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Short Description
TERRA-REF stereoTop bin to geoTIFF conversion extractor for Clowder.
Full Description

Bin2Tif Extractor

Stereo RGB Image Bin to GeoTIFF Converter.

Authors:

  • Zongyang Li, Donald Danforth Plant Science Center, St. Louis, MO
  • Maxwell Burnette, National Supercomputing Applications, Urbana, Il
  • Robert Pless, George Washington University, Washington, DC

Overview

This extractor processes binary stereo images using metadata and outputs JPG and TIFF images.

The extractor execution is triggered when required input files are added to a dataset.

Input

  • Following data must be found
    • _left.bin image
    • _right.bin image
    • dataset metadata for the left+right capture dataset; can be attached as Clowder metadata or included as a metadata.json file

Output

  • The dataset containing the left/right binary images will get left/right JPG and geoTIFF images.
  • Metadata, including geospatial information will be added to the geoTIFF file as well as to the geostreams database.

Algorithm

Algorithm Description

  1. Convert raw data to 3 channels color image

    Stereo RGB camera uses a single charge-coupled device (CCD) sensor, with the CCD pixels preceded in the optical path by a color filter array(CFA) in a Bayer mosaic pattern.
    For each 2x2 set of pixels, two diagonally opposed pixels have green filters, and the other two have red and blue filters.
    We assume these pixels are in a GBRG ordering, and use bilinear interpolation to do the demosaicing.
    This means that three color planes are independently interpolated using symmetric bilinear interpolation from the nearest neighbors of the same color.

Reference: Malvar, H.S., L. He, and R. Cutler, High quality linear interpolation for demosaicing of Bayer-patterned color images. ICASPP, Volume 34, Issue 11, pp. 2274-2282, May 2004.

  1. Steps for geo-referencing bounding box to each image.

    a. Get image shape from metadata,

    b. Get camera center position from metadata

    c. Compute field of view for the image:

     i. The JSON data reports the camera field of view as "the field of view for a scene 2 meters away is: “0.749m x 1.015m"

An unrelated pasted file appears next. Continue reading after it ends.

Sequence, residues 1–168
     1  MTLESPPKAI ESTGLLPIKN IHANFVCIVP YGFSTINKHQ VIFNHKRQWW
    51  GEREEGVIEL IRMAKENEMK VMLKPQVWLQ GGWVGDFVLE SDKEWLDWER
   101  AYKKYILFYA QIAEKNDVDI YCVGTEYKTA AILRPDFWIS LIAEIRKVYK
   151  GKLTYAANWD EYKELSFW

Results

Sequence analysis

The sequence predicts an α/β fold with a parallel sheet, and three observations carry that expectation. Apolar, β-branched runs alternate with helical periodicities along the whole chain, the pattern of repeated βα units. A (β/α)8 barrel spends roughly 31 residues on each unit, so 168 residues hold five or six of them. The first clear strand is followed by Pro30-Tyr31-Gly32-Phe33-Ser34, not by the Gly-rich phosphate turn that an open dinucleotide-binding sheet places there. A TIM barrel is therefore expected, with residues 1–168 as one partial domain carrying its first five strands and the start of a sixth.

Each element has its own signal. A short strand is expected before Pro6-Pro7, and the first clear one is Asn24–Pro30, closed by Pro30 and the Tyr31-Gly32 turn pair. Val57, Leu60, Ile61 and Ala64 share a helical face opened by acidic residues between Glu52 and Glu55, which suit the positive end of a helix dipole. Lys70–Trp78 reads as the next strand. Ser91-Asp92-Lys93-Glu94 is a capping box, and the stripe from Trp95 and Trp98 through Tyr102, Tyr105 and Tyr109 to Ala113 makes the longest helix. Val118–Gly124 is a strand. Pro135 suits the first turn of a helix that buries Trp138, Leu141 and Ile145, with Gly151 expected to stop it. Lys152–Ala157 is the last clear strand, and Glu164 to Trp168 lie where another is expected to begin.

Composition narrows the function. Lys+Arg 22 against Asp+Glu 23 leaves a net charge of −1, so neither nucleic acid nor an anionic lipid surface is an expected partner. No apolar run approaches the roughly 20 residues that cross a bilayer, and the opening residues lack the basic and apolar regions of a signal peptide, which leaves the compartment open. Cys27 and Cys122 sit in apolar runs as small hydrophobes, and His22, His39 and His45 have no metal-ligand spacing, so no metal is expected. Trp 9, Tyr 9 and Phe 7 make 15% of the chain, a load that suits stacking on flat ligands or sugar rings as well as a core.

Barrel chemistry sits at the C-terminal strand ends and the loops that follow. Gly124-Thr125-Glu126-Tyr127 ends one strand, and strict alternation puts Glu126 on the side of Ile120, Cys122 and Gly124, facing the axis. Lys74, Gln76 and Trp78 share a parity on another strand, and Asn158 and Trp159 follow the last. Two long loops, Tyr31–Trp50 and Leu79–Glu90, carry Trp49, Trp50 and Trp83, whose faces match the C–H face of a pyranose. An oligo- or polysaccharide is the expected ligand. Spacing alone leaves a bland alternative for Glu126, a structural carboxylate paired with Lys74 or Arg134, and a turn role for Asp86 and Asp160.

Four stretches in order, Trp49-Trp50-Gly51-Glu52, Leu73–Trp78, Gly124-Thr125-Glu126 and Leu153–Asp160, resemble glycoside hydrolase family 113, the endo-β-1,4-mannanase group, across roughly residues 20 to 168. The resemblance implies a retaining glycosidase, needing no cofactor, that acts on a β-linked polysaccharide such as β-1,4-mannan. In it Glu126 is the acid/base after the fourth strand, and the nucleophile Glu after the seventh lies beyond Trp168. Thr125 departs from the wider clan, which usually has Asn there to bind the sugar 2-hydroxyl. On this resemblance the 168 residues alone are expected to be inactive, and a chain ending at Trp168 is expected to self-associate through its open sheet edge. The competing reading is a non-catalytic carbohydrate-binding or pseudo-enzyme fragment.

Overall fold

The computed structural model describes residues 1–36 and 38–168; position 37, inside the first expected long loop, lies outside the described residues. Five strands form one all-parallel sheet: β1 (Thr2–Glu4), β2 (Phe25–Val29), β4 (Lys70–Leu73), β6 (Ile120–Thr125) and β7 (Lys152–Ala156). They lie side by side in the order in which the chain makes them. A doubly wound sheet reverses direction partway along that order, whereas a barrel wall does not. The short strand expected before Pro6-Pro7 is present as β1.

ii. Predict fov for each image should be:
    
         * fix_fov = fov_in_2_meter*(camera_height/2)
    
     iii. In implementing the stitching process, we required two magic numbers that are computed experimentally to get the correct geometric alignment.  Our experimentally determined values are:
    
          * HEIGHT_MAGIC_NUMBER = 1.64
    
          * PREDICT_MAGIC_SLOPE = 0.574
    
     iv. These numbers are used in the following equations.
    
           * predict_plant_height = PREDICT_MAGIC_SLOPE * camHeight
    
           * camH_fix = camHeight + HEIGHT_MAGIC_NUMBER - predict_plant_height
    
           * fix_fov_x = fov_x*(camH_fix/2)
    
           * fix_fov_y = fov_y*(camH_fix/2)
    

    e. Steps for computing the Magic Numbers:

     i. Make an assumption that the real FOV can be derived as a linear function base on the given FOV.
     ii. Randomly pick several different days stereoTop RGB raw data in different camera height, try to get a best stitched full field map for each day empirically(by personal judgement), and record all the FOV for each day.
     iii. Apply a linear regression to output HEIGHT_MAGIC_NUMBER and PREDICT_MAGIC_SLOPE
    

    d. Compute geo-reference bounding box

       i. Convert coordinates from Scanalyzer to MAC coordinates using formula from [https://terraref.gitbooks.io/terraref-documentation/content/user/geospatial-information.html](https://terraref.gitbooks.io/terraref-documentation/content/user/geospatial-information.html)
    
      ii. Use utm tools to convert coordinates from MAC to lat/lon
    

    e. Using osgeo.gdal, associate image with geospatial bounding box, and create geoTIFF.

Parameters